Ethiopian Coffees Headline Coffee House Brew Bars

October 1, 2015 (Published: September 10, 2015)
Coffee beans drying in a family compound at a village near Konso, Ethiopia.

Coffee beans drying in a family compound at a village near Konso, Ethiopia.We’ve perked up the Crimson Cup brew bar lineup with three Ethiopian coffees you’ll want to try!

Ethiopian Natural Sidamo Ardi, Ethiopian Sidama Guji and Ethiopian Yirg Z (Yirgacheffe) are available for a limited time at the Crimson Cup Coffee Houses in Clintonville and Upper Arlington. Hand-roasted beans are also available on our website.

Ethiopian Natural Sidamo Ardi grows at elevations of 1,800 to 1,900 meters near the town of Kilenso Moconissa in the Sidamo province of southern Ethiopia. Heirloom-varietal beans are picked and sorted by hand and then dried on a raised bed in the sun before the dried coffee cherries and hulls are removed to reveal the coffee beans.

“Natural processing and light roasting yield a coffee with lemony acidity,” said Coffee Buyer Dave Eldridge. “Notes of wild strawberry, plum and dark cherry are very pronounced in the cup, which is exceptionally smooth with a juicy, sweet lingering finish.”

Guji is a sub-city of Sidama in the Southern Nations, Nationalities, and Peoples’ Region (SNNPR) of southern Ethiopia. Heirloom coffee trees grow nearby at an elevation of 2,000 meters. Ethiopian Sidama Guji is a washed coffee, usually harvested before the unwashed coffees typically produced in this region.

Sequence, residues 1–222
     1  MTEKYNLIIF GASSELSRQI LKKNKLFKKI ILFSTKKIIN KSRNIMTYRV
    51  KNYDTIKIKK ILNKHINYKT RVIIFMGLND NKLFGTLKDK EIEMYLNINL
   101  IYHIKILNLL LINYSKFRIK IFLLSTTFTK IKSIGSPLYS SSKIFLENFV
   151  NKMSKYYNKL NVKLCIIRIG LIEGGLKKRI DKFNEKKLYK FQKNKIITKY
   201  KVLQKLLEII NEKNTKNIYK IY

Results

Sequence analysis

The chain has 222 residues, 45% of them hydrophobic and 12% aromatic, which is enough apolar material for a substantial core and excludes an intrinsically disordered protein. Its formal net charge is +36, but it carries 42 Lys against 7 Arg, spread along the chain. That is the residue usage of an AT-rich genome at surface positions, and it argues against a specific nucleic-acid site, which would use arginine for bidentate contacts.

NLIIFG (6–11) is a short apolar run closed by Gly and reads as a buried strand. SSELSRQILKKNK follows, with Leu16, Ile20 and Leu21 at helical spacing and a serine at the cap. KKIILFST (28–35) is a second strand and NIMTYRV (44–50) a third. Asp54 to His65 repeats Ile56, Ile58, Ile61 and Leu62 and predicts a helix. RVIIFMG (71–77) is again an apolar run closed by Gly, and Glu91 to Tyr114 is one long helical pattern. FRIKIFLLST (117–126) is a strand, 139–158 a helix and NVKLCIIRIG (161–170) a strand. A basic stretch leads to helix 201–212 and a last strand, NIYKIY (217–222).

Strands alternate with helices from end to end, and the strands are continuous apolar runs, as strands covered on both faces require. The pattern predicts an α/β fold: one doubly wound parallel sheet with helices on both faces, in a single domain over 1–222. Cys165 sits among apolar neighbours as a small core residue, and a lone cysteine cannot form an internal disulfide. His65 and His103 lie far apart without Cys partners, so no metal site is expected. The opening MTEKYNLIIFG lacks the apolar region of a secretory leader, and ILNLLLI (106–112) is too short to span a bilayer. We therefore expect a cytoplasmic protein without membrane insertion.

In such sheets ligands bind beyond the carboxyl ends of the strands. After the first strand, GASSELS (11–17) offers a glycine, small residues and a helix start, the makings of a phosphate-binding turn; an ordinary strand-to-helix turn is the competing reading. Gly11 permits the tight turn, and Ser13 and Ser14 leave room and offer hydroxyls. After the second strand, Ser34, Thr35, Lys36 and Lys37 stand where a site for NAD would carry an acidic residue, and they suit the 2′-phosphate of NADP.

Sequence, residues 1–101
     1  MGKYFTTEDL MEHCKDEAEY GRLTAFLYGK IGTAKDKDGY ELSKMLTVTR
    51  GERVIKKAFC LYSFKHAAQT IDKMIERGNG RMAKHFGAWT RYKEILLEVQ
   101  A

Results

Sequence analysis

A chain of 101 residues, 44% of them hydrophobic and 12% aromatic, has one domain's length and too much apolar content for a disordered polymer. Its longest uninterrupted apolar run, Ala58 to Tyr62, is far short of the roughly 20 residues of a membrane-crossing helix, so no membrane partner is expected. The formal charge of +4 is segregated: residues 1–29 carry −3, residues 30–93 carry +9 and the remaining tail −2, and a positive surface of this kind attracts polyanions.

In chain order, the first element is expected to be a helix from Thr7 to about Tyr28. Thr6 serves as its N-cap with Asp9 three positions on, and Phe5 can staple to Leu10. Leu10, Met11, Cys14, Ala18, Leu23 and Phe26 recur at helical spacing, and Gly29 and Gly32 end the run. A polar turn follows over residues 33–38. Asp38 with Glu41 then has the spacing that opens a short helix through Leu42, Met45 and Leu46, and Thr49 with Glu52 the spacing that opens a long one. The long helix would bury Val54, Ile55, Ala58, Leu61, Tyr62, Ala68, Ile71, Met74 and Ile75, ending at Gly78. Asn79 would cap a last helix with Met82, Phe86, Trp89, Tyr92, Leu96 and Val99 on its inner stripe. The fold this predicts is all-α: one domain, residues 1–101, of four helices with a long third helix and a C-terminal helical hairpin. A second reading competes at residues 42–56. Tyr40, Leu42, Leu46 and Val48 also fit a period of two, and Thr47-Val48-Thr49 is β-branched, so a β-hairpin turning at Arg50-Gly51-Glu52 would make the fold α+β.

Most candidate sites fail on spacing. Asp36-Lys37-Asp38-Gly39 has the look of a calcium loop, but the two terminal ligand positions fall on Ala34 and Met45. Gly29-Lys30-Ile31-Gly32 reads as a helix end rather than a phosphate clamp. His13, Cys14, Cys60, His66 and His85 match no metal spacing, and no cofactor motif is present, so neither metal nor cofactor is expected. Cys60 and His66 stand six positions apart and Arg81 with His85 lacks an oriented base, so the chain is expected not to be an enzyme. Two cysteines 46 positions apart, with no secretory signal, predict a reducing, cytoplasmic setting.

“After light roasting, the coffee displays tangerine acidity, with a juice-like mouth feel and tasting notes of lemon candy, pomegranate and cane sugar,” said Coffee Buyer Brandon Bir.

Ethiopian Yirg Z is an exceptionally complex Ethiopian coffee from the Yirgacheffe region of Southern Ethiopia. Grown at elevations of 1,900 to 2,000 meters, the heirloom beans are a collaboration of many small farmers. The washed coffee displays a tangy chai-like front, with black tea and lime juice notes.

“It’s soft and delicate in the middle with a light but lingering finish,” Dave said. “Zero defect sorting, which takes three times longer than sorting methods used with other coffees from the region, enhances the clarity of the cup and intensifies the aroma of black tea, the peach sweetness, and grapefruit acidity.”

Ethiopia is the legendary home of the first coffee trees, and these three coffees are a fine tribute to the country’s coffee trade. Lightly roasted to bring out their distinct origin flavors, they are best when savored using single-cup brewing methods such as the Hario v60 or Chemex.

Columbus coffee lovers can enjoy hand-poured cups of these Ethiopian coffees at the Crimson Cup Coffee Houses at 4541 N. High Street in Clintonville and 2468 Northwest Boulevard in Upper Arlington. Hand-roasted beans are also available at the two shops and on our website.



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